Hung out with my good buddy last weekend. Jon is one of those rare people with whom I have an endless number of things to talk about. Which is fortunate, because he talks a lot. :) Jon has a really cool job running Business Development and Marketing at CollegeHumor. Those who know him know that there is no better person in the world for that job.
One cool thing he showed me was Vimeo. The best way to describe it is a video version of Flickr. Vimeo really gets how take a relative commodity, streaming video, and build a great community around it. The site doesn't focus on stolen clips, but instead on interesting original user-generated content. The feel of the site is much warmer, more creative and cooler than the bigger players. To immediately see how different it is from a site like YouTube, check the comments on posted videos. YouTube comments seem to almost always be negative, poorly written and rude. Vimeo's comments are positive, witty and helpful.* It is just a much better vibe and cooler product. The guys at Connected Ventures have, once again, done a great job.
In the meantime, here are two Vimeo clips of his trip that Jon uploaded:
So I'm sure you have all seen the iPhone and it's unique multi-touch interface. For those of you who haven't, check out this CBS News Video.
But the demo there just scratches the surface. Check out the movie below for some of the very cool things you can do with a multi-touch system.
Potential, perhaps, for a groundbreaking Mac multi-touch tablet?
Well, the big Apple announcement is coming tomorrow. For those of you who just can't wait, here's an iPhone concept:
Great production value, though I have no idea how you are supposed to practically use a double-flip phone.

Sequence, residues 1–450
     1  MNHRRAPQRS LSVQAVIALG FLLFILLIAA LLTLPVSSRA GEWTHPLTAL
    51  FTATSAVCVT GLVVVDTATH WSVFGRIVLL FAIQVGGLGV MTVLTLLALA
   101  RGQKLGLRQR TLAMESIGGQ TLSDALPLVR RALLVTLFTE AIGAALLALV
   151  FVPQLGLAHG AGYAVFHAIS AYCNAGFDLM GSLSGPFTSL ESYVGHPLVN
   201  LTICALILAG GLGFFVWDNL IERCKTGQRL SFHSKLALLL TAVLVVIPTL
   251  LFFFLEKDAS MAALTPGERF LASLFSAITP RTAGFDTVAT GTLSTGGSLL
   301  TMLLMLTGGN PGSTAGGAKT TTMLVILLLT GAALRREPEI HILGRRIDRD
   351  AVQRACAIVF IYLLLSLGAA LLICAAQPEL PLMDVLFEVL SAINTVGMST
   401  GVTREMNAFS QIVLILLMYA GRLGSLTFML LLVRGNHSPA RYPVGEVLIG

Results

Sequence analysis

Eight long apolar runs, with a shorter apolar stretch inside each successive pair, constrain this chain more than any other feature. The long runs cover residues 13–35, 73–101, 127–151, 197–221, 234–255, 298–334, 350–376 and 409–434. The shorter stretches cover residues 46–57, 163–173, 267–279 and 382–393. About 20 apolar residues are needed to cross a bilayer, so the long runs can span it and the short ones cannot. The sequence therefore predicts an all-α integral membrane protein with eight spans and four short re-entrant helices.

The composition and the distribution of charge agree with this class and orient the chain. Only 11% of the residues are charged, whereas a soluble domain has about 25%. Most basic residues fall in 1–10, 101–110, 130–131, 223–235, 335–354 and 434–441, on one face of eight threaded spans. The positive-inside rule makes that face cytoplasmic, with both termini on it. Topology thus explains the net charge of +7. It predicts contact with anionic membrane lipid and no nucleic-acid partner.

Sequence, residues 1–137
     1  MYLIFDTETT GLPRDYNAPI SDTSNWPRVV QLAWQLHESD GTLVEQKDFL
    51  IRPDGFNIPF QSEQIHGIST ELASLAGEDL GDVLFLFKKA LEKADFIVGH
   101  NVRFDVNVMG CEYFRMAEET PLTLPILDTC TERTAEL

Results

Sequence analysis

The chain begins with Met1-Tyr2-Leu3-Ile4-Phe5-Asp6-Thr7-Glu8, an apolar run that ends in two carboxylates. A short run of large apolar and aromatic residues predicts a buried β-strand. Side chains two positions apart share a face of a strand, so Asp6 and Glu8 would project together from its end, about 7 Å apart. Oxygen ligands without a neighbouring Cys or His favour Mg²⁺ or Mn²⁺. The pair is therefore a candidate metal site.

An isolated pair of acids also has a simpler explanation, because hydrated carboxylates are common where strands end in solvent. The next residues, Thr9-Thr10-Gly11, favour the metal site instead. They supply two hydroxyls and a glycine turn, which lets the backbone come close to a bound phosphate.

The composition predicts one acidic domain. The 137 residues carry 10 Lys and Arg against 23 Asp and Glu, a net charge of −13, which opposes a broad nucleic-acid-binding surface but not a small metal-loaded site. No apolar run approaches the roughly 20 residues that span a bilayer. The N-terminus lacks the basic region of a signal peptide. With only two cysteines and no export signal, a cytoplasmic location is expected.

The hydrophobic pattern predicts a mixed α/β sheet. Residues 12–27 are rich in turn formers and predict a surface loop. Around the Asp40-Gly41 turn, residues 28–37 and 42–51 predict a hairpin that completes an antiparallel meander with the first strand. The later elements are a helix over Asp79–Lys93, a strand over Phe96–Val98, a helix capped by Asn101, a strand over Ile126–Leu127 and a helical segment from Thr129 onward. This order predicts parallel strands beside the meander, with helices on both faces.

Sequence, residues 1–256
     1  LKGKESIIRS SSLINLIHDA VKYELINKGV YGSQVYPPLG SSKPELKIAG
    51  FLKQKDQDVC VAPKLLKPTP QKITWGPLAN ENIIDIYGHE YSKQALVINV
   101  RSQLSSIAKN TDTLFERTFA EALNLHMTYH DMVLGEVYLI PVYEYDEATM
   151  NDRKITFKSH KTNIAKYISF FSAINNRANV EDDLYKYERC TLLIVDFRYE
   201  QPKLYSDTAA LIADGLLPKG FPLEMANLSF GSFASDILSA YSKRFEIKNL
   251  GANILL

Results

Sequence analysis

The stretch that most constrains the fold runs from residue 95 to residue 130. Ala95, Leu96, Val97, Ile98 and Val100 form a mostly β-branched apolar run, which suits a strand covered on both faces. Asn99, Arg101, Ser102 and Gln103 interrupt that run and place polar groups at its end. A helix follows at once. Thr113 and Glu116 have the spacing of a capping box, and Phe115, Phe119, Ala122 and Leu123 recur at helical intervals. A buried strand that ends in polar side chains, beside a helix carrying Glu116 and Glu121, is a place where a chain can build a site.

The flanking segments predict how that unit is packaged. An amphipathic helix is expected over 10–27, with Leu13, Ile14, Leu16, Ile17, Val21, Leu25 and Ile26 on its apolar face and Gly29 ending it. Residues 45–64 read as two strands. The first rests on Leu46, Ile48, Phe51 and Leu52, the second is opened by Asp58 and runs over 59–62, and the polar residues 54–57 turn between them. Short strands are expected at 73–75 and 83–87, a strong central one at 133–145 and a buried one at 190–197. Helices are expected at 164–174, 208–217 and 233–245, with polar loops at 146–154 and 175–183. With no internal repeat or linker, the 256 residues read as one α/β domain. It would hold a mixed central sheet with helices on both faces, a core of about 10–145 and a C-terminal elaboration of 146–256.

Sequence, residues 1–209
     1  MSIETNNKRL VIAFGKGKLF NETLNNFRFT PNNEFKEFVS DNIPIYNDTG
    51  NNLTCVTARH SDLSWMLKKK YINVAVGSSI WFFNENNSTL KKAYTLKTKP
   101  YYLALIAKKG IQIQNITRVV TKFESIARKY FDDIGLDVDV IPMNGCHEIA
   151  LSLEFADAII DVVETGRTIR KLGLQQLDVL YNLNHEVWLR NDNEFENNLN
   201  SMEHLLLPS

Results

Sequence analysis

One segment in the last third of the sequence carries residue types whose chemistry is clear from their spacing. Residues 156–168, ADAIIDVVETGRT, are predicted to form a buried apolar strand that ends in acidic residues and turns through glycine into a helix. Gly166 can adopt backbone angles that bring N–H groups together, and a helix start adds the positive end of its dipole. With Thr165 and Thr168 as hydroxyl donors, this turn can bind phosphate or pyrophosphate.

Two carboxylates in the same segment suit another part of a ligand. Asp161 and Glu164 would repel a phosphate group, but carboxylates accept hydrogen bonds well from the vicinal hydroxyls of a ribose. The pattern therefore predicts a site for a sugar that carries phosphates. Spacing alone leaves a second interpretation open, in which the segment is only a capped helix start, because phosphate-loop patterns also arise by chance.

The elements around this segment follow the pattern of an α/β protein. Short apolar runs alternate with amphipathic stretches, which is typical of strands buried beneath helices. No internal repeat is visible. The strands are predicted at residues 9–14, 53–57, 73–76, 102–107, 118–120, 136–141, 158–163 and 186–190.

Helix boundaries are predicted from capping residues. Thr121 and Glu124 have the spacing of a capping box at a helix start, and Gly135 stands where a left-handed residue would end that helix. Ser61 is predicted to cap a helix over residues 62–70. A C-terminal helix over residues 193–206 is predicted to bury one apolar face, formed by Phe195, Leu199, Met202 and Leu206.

The idea of an ugly website could present a positive message never
crossed my mind. Yet the fact is, ugly websites do have the ability to
present the perfect marketing message. What is that message?
You can trust us. We are a family run business and do not employ a
marketing team. Our website is simple, but functional. Most
importantly, our goal is to serve our customers, not necessarily learn
I don't think that ugly sites are necessarily "functional" (look at
MySpace, it's neither pretty nor functional), but I do agree with the
notion that ugly design has the potential to convey a powerful message
Last week I went to the Cut&Paste graphic design battle in San Francisco. Above is a picture from the event. It was pretty intensely cool. Check out the event description from the website:
Cut&Paste is the live digital design competition that pits eight of their city's best graphic designers against each other in an elimination battle of creativity, technical expertise, and wit. The competitors will work live on stage, in front of an audience and panel of expert judges. An MC will host the festivities and a soundtrack will be provided by hometown favorite DJs .
Recently, Microsoft introduced the Zune. For those of you who haven't heard of this product, the Zune is supposed to be Microsoft's "iPod Killer". Engadget installed the Zune with horrendous (ableit humorous) results. [Thanks to reemer for the link]
It amazes me how you could completely mess up such a high-profile product launch. Consider how much money and effort has been thrown into the development of this product. Doesn't anybody try these things in advance??